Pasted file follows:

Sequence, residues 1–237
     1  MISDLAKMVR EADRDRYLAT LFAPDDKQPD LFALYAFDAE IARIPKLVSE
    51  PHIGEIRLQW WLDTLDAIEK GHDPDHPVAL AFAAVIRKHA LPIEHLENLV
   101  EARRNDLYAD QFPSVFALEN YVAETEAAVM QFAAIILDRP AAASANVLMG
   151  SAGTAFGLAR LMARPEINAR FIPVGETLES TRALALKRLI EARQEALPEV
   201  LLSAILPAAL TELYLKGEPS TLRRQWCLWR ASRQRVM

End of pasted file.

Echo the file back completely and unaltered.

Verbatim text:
Sequence, residues 1–237
     1  MISDLAKMVR EADRDRYLAT LFAPDDKQPD LFALYAFDAE IARIPKLVSE
    51  PHIGEIRLQW WLDTLDAIEK GHDPDHPVAL AFAAVIRKHA LPIEHLENLV
   101  EARRNDLYAD QFPSVFALEN YVAETEAAVM QFAAIILDRP AAASANVLMG
   151  SAGTAFGLAR LMARPEINAR FIPVGETLES TRALALKRLI EARQEALPEV
   201  LLSAILPAAL TELYLKGEPS TLRRQWCLWR ASRQRVM